Nearly 17 years after riots tore Crown Heights apart, the recent beating of a black college student by Jewish assailants has exposed rising tensions between blacks and Jews in my neighborhood.
Cops and city officials have quietly gone on high alert, worried that another riot could be in the works.
The troubles began on April 14, when Andrew Charles, a 20-year-old sophomore at Kingsborough Community College, says he and a friend encountered a pair of young Jewish men while walking down Albany Ave. about 6 p.m.
“One was on bike, one was on foot. They were staring at us, staring us down,” Charles told me. “We stared back. They approached us and asked if we had a problem.”
The man on the bike sprayed Charles with tear gas, and a few minutes later a contingent of Jewish men arrived by car and in scooters and began chasing them.
One man beat Charles on the back and arm with a nightstick, inflicting injuries that sent him to the hospital. The group fled, but not before a witness on the street got the license plate number.
In any other neighborhood, a staredown between young men, even one that turns into a beatdown, would barely count as major news.
But this is Crown Heights, where a smoldering pile of intergroup grievances and injustices – some real, many imaginary – set the stage for the shocking outburst of mob violence in August 1991.
According to a memo circulated by Mayor Bloomberg’s Community Assistance Unit, city officials immediately descended on Crown Heights last week to establish “contact with the [Charles] family before outside agitators could jump in and reach out to the family to create community turmoil.”
I don’t know which “outside agitators” the mayor’s people were afraid of, but community activist Taharka Robinson, founder of the Central Brooklyn Anti-Violence Coalition, is acting as Charles’ adviser. The family also has retained Paul Wooten, a well-known Brooklyn lawyer recently nominated for a Supreme Court judgeship.
Robinson and Wooten are reliable, levelheaded men. They will have their work cut out for them.
At the urging of city officials, a group of leaders from both communities will meet tomorrow – “before the Sean Bell verdict,” the Community Assistance Unit memo cautions – to figure out a way to dial down the tension.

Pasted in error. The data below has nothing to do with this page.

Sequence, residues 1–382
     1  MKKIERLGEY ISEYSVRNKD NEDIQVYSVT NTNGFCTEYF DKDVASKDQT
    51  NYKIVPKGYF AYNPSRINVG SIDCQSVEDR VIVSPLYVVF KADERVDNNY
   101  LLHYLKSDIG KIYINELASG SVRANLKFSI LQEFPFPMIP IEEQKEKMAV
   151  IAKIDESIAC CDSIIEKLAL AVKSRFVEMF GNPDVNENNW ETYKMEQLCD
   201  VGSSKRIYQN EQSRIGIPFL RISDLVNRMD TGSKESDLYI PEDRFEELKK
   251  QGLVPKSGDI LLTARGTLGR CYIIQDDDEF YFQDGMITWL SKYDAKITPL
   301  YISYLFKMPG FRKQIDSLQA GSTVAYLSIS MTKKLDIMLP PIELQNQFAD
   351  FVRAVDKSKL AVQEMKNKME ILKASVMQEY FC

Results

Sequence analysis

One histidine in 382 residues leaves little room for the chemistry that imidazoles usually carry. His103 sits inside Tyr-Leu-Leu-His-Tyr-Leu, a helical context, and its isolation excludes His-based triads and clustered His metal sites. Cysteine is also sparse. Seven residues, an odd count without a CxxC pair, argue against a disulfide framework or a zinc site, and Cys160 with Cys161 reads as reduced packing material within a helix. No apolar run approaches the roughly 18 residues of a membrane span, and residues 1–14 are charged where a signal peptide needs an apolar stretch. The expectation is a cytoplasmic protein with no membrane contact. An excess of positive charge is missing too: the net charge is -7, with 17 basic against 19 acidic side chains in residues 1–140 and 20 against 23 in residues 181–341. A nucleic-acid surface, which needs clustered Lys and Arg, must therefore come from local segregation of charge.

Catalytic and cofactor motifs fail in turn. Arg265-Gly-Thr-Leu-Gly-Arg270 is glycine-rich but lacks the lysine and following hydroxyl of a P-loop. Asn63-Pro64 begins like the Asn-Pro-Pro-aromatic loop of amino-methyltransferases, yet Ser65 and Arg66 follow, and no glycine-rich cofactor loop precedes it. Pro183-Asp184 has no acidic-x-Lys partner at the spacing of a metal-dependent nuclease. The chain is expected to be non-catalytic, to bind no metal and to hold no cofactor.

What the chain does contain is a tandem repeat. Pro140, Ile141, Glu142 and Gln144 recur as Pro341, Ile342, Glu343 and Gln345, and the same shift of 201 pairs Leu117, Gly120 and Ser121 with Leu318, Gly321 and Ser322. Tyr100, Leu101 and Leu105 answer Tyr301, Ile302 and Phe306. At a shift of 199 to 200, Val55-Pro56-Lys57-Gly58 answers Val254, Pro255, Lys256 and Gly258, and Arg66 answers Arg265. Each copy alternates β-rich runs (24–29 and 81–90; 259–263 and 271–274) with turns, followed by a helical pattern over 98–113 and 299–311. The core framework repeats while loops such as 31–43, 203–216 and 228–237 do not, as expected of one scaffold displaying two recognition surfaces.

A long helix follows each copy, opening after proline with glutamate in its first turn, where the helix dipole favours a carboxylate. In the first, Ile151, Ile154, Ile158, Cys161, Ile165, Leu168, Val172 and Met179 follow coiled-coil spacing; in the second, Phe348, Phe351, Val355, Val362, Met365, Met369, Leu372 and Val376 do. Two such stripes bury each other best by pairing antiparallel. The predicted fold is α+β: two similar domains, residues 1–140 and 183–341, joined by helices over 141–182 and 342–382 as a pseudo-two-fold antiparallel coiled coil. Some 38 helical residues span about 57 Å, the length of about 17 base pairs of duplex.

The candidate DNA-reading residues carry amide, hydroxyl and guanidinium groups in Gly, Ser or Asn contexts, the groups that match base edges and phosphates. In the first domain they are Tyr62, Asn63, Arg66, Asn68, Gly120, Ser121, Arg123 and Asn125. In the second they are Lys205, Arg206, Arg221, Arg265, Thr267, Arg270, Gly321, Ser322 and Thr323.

In the neighborhood’s calculus of tribal resentments, the attack on Charles was the mirror image of a January incident in which a teenage yeshiva student named Samuel Balkany said five black kids jumped and beat him, shouting “little Jew boy, you think you own this neighborhood,” and such.
Despite a call from authorities for help in solving the case, nobody was arrested for the Balkany beating. Let enough of these tribal skirmishes accumulate, and you end up with a neighborhood ready to explode.
Last week, much to their credit, cops from the 71st Precinct and Patrol Borough Brooklyn South quickly began a full-court press to solve the latest beating, with an extra incentive supplied by the fact that Charles’ father, Moses Charles , is a cop in Brooklyn’s 70th Precinct.
The NYPD swiftly found the attackers’ car in East New York , stripped of plates but still traceable. At the car owner’s home, according to the Community Assistance Unit memo, cops arrested a man – believed to be the brother of the car’s owner – for interfering with government administration, and later released him.
All along the way, local politicians and community leaders – both black and Jewish – have been talking.
It’s a rotten shame that people in my neighborhood haven’t figured out how to live side by side, and an embarrassment that we have to rely on cops and nervous bureaucrats to keep the peace.
Nowhere in the city will you find more devout religious people than in Crown Heights, yet it has come to this – shortly after Easter and the Pope’s visit, and in the middle of the Jewish High Holy Days.
Can’t we all just get along? DailyNews